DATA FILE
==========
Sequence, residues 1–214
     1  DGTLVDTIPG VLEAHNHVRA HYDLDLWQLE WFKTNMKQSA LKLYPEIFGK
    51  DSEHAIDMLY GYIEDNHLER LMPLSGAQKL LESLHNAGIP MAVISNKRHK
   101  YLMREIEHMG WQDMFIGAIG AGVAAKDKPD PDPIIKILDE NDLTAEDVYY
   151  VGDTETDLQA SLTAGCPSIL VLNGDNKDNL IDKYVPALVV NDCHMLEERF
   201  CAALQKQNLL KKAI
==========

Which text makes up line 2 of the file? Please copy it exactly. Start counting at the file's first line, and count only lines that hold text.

     1  DGTLVDTIPG VLEAHNHVRA HYDLDLWQLE WFKTNMKQSA LKLYPEIFGK